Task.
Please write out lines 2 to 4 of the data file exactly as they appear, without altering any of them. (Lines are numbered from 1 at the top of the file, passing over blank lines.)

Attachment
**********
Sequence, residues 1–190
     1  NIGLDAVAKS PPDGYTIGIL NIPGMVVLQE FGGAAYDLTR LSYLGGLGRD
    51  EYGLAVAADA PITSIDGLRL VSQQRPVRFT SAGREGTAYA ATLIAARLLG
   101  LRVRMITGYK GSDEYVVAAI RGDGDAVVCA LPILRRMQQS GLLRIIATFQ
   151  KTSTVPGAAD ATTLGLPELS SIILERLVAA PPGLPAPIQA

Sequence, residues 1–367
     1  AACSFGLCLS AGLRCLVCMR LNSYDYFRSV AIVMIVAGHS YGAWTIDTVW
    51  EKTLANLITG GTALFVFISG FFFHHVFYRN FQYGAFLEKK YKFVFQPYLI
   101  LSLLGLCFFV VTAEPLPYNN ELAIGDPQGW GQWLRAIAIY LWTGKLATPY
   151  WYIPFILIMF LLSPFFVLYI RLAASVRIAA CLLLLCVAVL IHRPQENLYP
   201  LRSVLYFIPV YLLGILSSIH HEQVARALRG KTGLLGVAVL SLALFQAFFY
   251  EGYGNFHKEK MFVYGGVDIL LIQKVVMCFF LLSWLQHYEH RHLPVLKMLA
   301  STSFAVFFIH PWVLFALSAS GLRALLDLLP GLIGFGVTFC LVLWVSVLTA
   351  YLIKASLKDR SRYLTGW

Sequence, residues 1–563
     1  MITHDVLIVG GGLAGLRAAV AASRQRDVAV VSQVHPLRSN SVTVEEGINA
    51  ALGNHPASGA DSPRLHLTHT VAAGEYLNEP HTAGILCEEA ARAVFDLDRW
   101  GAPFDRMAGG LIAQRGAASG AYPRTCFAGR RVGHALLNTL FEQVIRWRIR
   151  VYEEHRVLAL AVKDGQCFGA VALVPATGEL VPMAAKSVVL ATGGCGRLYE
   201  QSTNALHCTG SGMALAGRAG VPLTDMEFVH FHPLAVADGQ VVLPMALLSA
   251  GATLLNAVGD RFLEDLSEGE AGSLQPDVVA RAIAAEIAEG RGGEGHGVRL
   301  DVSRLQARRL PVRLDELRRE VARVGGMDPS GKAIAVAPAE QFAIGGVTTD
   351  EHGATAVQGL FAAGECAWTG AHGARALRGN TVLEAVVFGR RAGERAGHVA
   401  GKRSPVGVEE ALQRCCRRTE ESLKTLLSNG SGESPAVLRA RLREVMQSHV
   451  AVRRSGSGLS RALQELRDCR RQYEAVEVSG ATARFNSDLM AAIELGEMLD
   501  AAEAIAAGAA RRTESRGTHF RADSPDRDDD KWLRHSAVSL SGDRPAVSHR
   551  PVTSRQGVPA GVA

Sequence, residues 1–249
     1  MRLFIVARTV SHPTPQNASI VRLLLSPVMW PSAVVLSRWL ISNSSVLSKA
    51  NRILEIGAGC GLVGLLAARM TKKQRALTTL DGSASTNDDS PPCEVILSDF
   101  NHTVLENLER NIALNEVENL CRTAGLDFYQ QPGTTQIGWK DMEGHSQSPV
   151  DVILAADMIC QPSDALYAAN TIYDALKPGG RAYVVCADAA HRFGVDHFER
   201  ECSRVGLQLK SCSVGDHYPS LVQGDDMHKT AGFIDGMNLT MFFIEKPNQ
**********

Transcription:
     1  NIGLDAVAKS PPDGYTIGIL NIPGMVVLQE FGGAAYDLTR LSYLGGLGRD
    51  EYGLAVAADA PITSIDGLRL VSQQRPVRFT SAGREGTAYA ATLIAARLLG
   101  LRVRMITGYK GSDEYVVAAI RGDGDAVVCA LPILRRMQQS GLLRIIATFQ